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Table 1 Description of the Systematic Community Engagement (SCE) Interventions

From: Perspectives of frontline health workers on Ghana’s National Health Insurance Scheme before and after community engagement interventions

Description of the Systematic Community Engagement (SCE) interventions
Light Engagement (LE) Intervention
The LE intervention comprised of five steps that actively engaged clients in their communities to rate service quality in their nearest health facility and NHIS district office using predefined quality service proxies. The five implementation steps are:
Step 1: Recruitment and training of 52 facilitators, and identification of existing community groups/associations. One facilitator was assigned to each of the of 52 community groups in the two study regions (26 in each region). Eligibility criteria for selection of community groups included: documented evidence of routine meetings (at least four times a year); regular meeting venue; clear leadership structure; non-partisan, and active membership not less than an intuitive number of ten (10). The community groups comprised of 22 religious/faith-based groups; 8 traders groups; 1 widows group; 3 community volunteers groups; 3 musician groups; 5 artisans groups and 11 youth groups. Average group size was 29 members (SD = 20).
Step 2: First round of assessment of service quality based on group members’ most recent (at most 6 months) experiences with the intervention service providers. Service quality indicators at healthcare provider level were: attitude of staff; punctuality of staff; availability of drugs; information provision; opportunity for feedback. Indicators for the health insurer are: information provision; (re)enrolment; delivering what is promised, and opportunity for feedback. A proxy indicator called Net Promotor Score (NPS) was used to measure clients’ trust for service providers. During the assessment, community members were asked to rank their experiences of service quality on a Five point Likert scale ranging from 1 “Very disappointing” to 5 “Very satisfactory”, using a community score card. These same service quality indicators were used for the MyCare arm of the SCE interventions.
Step 3: Regional level validation and feedback sessions to disseminate the group assessment findings with facility heads, clients and NHIA representatives. This platform provided the service providers the opportunity to recognize and accept gaps in healthcare quality and agree on quality improvement plans with timelines and responsible persons.
Step 4: Follow-up on the service providers by facilitators (3 months after validation and feedback sessions) to ensure implementation of agreed action plans towards quality improvement.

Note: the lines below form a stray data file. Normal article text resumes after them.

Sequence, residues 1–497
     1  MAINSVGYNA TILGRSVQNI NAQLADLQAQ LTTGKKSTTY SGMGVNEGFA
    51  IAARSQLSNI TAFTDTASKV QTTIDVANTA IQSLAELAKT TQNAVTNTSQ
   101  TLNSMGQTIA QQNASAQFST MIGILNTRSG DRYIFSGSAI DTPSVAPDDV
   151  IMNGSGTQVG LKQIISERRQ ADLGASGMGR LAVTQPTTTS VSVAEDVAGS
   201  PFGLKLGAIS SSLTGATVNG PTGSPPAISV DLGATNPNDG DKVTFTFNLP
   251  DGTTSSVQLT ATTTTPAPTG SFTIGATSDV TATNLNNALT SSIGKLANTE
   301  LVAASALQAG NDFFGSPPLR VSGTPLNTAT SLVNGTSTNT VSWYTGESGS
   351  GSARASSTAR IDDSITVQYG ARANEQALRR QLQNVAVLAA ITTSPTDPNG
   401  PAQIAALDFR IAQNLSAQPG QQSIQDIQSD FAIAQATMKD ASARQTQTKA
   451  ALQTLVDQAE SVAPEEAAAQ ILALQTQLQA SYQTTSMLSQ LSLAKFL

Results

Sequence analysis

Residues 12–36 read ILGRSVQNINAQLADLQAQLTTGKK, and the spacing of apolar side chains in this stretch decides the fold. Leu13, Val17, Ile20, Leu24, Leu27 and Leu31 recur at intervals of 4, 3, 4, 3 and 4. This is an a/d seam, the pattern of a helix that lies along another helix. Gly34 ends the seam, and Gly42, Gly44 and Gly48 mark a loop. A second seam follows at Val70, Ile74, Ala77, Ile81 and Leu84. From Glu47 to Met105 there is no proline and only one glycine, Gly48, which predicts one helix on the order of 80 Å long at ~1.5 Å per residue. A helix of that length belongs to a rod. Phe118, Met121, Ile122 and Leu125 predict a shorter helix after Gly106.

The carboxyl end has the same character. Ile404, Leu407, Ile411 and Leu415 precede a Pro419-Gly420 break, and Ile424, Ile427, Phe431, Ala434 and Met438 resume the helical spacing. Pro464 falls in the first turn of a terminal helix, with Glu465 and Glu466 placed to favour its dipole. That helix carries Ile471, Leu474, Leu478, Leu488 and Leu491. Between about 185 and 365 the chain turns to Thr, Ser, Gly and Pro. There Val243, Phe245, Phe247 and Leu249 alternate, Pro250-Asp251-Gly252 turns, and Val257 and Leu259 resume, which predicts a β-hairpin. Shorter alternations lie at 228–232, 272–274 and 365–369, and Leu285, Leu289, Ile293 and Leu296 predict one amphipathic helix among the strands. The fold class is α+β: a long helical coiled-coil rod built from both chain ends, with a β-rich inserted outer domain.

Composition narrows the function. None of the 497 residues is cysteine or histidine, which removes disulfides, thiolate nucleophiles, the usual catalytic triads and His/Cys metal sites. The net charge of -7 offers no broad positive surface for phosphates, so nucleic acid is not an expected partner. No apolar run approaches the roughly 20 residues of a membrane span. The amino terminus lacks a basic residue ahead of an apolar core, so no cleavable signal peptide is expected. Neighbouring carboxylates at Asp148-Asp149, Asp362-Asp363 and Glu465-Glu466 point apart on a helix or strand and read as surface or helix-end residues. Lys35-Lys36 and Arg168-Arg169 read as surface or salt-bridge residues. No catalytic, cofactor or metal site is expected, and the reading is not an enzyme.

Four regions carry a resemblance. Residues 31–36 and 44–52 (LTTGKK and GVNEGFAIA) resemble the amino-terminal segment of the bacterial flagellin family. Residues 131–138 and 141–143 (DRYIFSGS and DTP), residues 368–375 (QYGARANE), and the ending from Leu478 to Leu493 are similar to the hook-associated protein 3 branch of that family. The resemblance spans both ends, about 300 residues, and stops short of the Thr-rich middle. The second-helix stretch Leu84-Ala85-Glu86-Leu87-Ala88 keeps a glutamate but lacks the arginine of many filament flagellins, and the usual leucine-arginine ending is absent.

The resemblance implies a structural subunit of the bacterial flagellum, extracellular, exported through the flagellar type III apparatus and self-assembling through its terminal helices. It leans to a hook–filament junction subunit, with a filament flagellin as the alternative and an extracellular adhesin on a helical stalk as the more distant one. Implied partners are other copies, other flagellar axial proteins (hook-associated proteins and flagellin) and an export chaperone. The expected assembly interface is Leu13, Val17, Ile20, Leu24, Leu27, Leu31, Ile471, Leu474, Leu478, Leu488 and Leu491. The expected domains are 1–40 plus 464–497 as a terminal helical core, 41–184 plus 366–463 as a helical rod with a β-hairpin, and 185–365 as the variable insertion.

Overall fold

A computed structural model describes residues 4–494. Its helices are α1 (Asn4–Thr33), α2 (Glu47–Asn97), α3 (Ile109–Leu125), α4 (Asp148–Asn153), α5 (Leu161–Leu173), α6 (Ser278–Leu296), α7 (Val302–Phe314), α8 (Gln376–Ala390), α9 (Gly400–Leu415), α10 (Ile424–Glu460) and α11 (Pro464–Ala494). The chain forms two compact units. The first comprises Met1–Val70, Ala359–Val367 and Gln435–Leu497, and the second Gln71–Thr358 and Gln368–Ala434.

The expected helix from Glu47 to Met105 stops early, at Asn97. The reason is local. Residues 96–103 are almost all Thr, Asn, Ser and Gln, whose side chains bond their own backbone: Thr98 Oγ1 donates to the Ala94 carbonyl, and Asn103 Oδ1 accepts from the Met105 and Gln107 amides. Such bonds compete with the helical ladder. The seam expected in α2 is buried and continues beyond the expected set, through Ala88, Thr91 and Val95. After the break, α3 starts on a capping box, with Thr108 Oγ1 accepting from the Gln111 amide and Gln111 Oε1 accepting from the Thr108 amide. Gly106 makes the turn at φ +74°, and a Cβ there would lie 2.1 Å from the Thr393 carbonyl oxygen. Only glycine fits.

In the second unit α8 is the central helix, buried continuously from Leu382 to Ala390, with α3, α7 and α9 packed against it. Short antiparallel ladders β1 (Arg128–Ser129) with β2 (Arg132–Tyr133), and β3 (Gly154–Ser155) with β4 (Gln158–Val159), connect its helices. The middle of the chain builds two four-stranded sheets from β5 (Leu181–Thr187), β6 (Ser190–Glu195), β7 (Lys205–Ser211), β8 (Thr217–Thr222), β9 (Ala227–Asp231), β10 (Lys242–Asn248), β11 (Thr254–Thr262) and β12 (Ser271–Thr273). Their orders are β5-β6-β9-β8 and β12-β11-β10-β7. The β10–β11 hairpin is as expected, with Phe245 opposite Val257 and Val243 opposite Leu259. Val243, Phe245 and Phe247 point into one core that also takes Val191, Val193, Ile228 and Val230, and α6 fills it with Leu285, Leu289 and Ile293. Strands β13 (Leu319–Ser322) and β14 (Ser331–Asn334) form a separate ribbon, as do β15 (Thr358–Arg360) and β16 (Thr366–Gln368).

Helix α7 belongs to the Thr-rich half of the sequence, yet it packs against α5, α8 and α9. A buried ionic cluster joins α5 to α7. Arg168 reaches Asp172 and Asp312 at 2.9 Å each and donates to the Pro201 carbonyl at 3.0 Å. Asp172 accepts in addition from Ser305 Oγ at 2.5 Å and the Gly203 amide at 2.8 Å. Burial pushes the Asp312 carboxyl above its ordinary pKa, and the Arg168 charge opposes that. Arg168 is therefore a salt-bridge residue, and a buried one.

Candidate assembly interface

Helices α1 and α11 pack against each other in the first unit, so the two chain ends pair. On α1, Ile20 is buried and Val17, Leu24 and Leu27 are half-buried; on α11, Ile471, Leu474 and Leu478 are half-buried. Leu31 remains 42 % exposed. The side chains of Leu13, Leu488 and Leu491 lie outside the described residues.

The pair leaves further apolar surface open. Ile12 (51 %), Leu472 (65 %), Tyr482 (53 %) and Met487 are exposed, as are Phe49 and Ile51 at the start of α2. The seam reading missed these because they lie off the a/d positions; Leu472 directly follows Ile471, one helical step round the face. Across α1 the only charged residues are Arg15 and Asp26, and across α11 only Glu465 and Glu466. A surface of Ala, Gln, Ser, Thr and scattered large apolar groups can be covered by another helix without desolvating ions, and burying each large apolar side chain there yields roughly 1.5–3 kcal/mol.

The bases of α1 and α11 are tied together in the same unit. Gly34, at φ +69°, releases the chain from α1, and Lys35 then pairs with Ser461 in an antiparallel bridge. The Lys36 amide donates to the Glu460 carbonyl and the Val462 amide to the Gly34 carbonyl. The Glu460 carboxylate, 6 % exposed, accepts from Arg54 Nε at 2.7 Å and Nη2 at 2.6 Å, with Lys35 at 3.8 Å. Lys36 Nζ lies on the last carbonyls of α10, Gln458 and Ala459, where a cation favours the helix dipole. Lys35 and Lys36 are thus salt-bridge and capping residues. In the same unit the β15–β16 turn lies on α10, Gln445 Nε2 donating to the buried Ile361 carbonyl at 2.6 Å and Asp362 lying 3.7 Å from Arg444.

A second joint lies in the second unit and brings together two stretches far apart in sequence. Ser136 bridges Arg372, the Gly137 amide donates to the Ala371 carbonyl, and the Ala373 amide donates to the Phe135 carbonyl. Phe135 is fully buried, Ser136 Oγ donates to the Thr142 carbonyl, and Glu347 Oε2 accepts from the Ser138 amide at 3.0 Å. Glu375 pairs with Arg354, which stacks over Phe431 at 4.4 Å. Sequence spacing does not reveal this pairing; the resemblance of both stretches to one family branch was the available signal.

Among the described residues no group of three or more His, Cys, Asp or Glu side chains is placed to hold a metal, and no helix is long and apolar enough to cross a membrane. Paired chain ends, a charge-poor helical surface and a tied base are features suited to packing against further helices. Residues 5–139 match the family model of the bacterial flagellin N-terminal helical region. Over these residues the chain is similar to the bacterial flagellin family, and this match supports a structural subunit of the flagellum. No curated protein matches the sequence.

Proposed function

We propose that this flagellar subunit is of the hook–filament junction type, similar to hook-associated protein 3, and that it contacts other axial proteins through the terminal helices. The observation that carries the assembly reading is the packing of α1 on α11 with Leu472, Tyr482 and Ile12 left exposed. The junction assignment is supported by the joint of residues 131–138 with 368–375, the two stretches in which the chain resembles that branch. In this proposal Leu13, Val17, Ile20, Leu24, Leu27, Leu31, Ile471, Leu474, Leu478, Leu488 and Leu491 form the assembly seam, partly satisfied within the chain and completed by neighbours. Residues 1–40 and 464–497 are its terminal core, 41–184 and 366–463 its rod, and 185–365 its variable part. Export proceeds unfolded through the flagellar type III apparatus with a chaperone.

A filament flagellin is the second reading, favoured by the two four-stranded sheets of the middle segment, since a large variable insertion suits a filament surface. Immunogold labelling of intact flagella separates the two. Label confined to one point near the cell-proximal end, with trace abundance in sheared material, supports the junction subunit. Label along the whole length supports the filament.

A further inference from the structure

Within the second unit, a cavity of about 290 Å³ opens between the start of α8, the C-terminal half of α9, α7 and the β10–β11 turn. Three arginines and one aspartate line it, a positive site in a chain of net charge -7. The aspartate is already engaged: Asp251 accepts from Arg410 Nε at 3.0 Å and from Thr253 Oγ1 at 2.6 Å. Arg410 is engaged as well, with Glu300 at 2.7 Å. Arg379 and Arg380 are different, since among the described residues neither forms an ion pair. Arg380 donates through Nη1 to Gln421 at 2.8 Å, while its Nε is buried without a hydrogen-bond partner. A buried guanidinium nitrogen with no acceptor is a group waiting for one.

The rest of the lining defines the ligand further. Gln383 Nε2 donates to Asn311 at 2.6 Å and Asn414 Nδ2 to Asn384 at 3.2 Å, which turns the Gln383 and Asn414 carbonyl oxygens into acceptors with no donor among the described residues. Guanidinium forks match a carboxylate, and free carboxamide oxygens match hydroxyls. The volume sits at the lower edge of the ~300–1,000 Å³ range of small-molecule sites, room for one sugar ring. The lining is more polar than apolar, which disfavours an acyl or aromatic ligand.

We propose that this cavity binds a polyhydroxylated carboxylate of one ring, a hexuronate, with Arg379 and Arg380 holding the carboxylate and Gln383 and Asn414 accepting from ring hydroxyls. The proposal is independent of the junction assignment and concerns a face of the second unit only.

Step 5: Rewarding best performing health facilities after a second round of community assessment (approximately six months after the first assessment). A citation plaque of honor and a token financial incentive of about US$ 280.0 was awarded best performing facilities to encourage competition among peers towards quality improvement.
Intensive Engagement ( MyCare ) Intervention
This component of the SCE interventions was implemented within the catchment area of intervention health facilities using a cyclical process involving clients, health care providers, and the NHIS district offices. Implementation of the MyCare arm of the SCE interventions involved six (6) cyclical steps namely:
Step 1: Recruitment and training of facilitators for the intervention activities.
Step 2: Semi-quantitative process where 30–50 clients (with evidence of NHIS active membership) were recruited at the exit of the intervention health facilities and later interviewed at home. Assessment of service quality focused on 10 predefined indicators related to service quality at the levels of the healthcare provider and health insurer (see LE interventions described earlier).
Step 3: Qualitative validation and feedback on semi-quantitative data with community representatives. Six (6) focused group discussions (1 in each catchment area) were conducted to discuss findings of the semi-quantitative interviews and action points taken to address identified service quality gaps.
Step 4: Briefing: intervention clinics and NHIS district offices were briefed on clients’ experiences of service quality.
Step 5: Joint stakeholder meeting where representatives of clients/community, healthcare providers, health insurers and regional/district level policy makers were invited to discuss and address identified gaps; a liaison person at the community follows up on the service providers to ensure action plans towards quality service improvement are implemented.
Step 6: Progress qualitative phase where clients are followed-up six (6) months after the joint stakeholder meeting to determine perceived changes in service quality. Service providers perceived to have improved were rewarded with financial incentives and a citation plague of appreciation.